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Identification of Clock Genes Using Difference Gel Electrophoresis

  • Natasha A. Karp
  • Kathryn S. Lilley
Part of the Methods in Molecular Biology™ book series (MIMB, volume 362)

Abstract

Proteomics is the study of the complete set of proteins encoded by the genome. The study of the proteome involves the investigation of changes in protein abundance, localization, involvement in multiprotein complexes, and detection of different protein isoforms and posttranslational modifications under defined conditions, such as the circadian cycle. This type of approach complements comparative gene expression studies providing additional information with respect to posttranscriptional processing. One of the key techniques used to study the proteome is two-dimensional gel electrophoresis. This technique has the ability to separate complex protein mixtures with high resolution. A significant improvement in this technology has been development of difference gel electrophoresis. Here, proteins are first labeled with one of three spectrally resolvable fluorescent cyanine dyes before being separated in two dimensions according to their charge and size, respectively. Multiplexing can accurately and reproducibly quantify protein expression across multiple gels. A multiple-gel approach allows the detection of differentially expressed protein spots using statistical methods to compare expression across different experimental groups. The proteins can be subsequently identified by mass spectrometric methods. This approach now allows more complex experimental designs, such as the time course experiments essential to the study of circadian rhythms.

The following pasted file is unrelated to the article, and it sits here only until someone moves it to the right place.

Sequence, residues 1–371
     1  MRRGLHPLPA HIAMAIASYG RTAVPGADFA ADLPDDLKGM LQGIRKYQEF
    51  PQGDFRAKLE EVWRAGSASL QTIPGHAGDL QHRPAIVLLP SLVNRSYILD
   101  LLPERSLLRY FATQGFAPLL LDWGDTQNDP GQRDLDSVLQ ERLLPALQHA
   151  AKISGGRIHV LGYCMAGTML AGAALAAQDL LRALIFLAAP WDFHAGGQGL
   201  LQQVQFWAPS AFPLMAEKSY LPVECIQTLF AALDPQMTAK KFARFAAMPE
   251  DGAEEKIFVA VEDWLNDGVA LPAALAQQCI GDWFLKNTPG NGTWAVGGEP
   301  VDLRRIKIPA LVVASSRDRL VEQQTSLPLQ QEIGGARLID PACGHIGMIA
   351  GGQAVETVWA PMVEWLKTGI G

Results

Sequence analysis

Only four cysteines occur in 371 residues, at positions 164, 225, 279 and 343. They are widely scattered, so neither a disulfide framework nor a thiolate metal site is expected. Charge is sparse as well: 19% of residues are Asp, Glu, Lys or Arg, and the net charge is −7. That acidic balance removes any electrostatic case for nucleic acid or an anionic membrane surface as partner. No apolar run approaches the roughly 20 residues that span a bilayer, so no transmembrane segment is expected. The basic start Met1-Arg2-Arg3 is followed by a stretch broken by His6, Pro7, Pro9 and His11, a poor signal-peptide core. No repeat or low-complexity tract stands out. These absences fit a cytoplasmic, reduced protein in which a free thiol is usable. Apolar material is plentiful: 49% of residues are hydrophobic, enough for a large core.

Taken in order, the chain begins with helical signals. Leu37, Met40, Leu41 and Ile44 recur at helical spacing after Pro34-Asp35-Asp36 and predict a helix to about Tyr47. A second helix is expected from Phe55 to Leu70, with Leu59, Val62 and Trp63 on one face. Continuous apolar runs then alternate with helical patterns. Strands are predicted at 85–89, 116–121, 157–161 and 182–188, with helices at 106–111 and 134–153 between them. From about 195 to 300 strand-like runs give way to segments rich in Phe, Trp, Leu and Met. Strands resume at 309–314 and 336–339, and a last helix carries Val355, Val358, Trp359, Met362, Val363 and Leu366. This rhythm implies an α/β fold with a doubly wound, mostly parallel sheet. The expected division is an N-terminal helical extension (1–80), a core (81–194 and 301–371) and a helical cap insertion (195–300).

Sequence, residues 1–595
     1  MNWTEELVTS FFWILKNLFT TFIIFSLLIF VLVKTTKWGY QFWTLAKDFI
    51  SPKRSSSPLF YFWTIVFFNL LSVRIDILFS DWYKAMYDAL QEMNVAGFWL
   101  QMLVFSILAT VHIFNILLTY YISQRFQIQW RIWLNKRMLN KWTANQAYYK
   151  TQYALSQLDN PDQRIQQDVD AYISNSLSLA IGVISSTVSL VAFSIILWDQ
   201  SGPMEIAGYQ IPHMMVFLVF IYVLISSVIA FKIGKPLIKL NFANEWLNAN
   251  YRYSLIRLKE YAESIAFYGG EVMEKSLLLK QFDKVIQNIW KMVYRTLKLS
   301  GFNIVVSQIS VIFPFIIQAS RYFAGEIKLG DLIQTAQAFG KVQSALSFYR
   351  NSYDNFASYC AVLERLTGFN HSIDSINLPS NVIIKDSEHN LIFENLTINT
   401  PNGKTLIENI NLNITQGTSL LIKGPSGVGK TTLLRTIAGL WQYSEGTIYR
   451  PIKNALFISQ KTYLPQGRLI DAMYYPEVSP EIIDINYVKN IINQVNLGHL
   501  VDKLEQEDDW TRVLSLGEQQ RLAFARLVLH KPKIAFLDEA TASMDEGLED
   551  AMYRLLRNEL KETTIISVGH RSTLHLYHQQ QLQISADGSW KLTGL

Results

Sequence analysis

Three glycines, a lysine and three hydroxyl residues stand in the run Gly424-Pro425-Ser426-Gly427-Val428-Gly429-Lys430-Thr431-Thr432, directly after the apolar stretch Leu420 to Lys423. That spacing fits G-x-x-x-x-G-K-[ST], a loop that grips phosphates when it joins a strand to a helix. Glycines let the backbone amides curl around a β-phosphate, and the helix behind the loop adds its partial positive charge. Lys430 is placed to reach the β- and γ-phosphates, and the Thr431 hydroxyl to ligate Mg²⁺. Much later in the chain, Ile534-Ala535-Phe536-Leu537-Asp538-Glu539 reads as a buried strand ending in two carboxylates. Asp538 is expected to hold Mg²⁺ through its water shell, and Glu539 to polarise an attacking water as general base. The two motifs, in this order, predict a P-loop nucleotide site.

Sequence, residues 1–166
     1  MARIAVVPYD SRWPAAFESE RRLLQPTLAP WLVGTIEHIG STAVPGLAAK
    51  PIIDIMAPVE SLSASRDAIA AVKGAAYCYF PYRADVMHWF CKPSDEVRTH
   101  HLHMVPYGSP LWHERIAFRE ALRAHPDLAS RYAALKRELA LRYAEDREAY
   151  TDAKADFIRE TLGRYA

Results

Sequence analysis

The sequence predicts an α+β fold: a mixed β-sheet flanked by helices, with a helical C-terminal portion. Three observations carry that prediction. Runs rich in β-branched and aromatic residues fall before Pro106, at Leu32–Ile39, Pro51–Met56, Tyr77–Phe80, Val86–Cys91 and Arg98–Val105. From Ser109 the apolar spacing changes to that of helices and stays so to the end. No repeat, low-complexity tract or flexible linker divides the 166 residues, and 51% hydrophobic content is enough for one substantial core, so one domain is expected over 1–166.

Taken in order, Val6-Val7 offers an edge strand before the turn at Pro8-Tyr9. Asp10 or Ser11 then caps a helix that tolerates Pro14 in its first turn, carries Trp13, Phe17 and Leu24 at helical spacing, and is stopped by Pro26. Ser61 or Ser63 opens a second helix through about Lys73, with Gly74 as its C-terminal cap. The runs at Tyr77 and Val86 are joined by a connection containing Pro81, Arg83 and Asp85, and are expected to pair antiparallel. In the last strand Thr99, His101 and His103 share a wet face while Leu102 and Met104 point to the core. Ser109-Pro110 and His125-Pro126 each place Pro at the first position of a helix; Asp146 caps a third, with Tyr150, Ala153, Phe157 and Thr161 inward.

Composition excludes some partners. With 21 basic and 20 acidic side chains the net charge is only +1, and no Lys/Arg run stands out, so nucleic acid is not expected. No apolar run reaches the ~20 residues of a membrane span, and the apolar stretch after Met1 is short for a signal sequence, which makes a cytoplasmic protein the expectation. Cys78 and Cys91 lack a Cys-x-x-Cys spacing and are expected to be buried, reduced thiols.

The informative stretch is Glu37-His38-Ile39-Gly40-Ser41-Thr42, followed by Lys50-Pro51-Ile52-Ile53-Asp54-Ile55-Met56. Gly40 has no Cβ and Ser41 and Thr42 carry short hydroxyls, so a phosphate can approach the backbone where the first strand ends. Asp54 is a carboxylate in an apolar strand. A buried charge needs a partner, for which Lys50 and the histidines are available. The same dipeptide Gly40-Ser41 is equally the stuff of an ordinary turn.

Key Words

Proteomics 2D gel electrophoresis fluorescent labeling of proteins difference gel electrophoresis mass spectrometry 

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Copyright information

© Humana Press Inc. 2007

Authors and Affiliations

  • Natasha A. Karp
    • 1
  • Kathryn S. Lilley
    • 1
  1. 1.Cambridge Centre for Proteomics, Department of BiochemistryUniversity of CambridgeCambridgeUK

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